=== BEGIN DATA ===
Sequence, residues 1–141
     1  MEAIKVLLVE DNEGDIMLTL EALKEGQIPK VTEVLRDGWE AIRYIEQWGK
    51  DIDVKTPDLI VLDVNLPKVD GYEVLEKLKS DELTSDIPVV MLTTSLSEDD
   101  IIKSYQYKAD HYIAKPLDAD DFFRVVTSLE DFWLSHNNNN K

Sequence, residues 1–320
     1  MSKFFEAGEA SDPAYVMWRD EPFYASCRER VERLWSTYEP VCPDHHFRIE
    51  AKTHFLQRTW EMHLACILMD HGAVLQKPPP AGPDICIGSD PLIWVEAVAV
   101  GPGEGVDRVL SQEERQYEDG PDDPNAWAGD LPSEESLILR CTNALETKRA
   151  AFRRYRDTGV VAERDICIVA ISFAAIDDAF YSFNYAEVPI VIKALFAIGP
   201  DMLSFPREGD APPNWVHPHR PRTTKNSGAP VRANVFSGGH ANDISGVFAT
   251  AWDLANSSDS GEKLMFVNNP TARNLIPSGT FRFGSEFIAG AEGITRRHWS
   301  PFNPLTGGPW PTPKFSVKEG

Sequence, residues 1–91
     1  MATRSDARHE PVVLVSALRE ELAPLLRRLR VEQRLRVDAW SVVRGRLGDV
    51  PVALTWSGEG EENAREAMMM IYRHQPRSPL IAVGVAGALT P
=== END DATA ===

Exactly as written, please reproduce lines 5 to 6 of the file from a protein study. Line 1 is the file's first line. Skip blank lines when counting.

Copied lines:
Sequence, residues 1–320
     1  MSKFFEAGEA SDPAYVMWRD EPFYASCRER VERLWSTYEP VCPDHHFRIE